Infections link to bees decline

Bees, BeeWeaver Apiaries Inc

A combination of fungi and viruses could be reponsible

US researchers claim to have identified a new potential cause for Colony Collapse Disorder (CCD) in honeybees.

The disease is responsible for wiping out many beekeepers’ entire colonies over the past few years. Scientists from the US Department of Agriculture say the pathogens to blame are a fungus and a family of viruses. The results of the study were presented at the 110th General Meeting of the American Society for Microbiology in San Diego, California. Jay Evans of the USDA Agricultural Research Service, a researcher on the study, says that when these two very different pathogens show up together, “there is a significant correlation with colony decline”. Daniel Weaver, a commercial beekeeper from Texas and head of the BeeWeaver Apiaries Inc, remembers the shock he experienced when he opened his hives in the early spring of 2007 – only to find them empty. “There was only a queen and ten or twelve bees left in a hive, clustered in one corner. There were broods, but very few of adult bees. “And there were no signs of poisoning or any other signs of acute mortality – there were no dead bees on the bottom of the hive or outside the hive,” said Weaver.

Other US beekeepers, many of whom have been in the business for a long time and have always had normal, healthy bee colonies, started noticing a similar problem at about the same time. Some had lost up to 90% of their bee populations, and every year since 2006 many have been reporting average losses of 30-35% of hives. Fungi and viruses When beekeepers sounded the alarm in 2007, scientists started looking for a cause of the mysterious disease. Continue reading the main story There were no signs of poisoning or any other signs of acute mortality – there were no dead bees on the bottom of the hive or outside the hive Daniel Weaver Commercial beekeeper They began to collect samples, primarily looking at sick bees from California and Florida, where most of the commercial pollination takes place in the US, and checking them visually for any signs of a problem. “The most puzzling thing was that the bees [we collected] didn’t show any of the pathologies or signs of disease – they looked perfectly healthy,” said Evans to the BBC. After having screened the samples, the researchers found that there was a higher presence of a fungus Nosema cerenae in infected colonies. But it was only recently that they were able to determine that it’s when bees are infected both with Nosema and with a group of RNA viruses that it is likely to lead to a collapse of a colony, said Evans.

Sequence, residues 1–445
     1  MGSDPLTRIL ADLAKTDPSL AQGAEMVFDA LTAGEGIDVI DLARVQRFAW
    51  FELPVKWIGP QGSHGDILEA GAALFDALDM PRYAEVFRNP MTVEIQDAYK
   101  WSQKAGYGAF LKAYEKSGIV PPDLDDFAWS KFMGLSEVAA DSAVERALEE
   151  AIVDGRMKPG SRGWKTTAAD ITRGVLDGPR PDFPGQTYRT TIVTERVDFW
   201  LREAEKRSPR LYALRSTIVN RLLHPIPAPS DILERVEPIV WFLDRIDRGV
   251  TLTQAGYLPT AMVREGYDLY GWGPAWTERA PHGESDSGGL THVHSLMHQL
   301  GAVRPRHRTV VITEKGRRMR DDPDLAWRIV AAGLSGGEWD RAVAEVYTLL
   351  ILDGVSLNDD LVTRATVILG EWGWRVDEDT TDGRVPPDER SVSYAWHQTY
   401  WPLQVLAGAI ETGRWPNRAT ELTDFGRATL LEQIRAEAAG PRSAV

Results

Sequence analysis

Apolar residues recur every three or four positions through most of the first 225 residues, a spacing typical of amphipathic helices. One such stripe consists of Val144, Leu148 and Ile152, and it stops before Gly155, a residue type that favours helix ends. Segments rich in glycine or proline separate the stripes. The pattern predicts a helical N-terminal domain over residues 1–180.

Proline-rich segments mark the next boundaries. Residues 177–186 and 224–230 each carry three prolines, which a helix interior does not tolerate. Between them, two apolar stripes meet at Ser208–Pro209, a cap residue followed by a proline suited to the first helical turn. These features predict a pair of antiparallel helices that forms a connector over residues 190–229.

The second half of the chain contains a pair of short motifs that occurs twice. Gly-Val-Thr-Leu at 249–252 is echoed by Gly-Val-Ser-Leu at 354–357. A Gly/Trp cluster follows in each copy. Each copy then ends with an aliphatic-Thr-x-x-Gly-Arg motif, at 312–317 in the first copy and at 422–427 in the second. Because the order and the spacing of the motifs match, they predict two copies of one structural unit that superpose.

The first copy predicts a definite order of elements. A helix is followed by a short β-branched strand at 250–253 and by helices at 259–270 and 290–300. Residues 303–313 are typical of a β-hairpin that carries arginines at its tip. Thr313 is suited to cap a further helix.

To prove their theory about a certain synergy between the two pathogens, Evans and his colleagues tried to trigger the decline of a honeybee colony artificially. “We’ve known for some time that the viruses are not good for the bees’ health, that they cause some visible symptoms like paralysis of the bees, shivering or inability to fly,” explained Evans. But getting the entire colony sick was tricky, he said. “You have to infect bees with a sort of natural level compared to what’s going on in the field and then more or less wait around to see how that translates into a colony effect like a colony collapse or decline,” said the researcher.

A beekeeper surrounded by bees, BeeWeaver Apiaries Inc 

US beekeepers sounded the alarm in 2007

So how do bees get CCD? Evans believes the infection is spread primarily through pollen on flowers.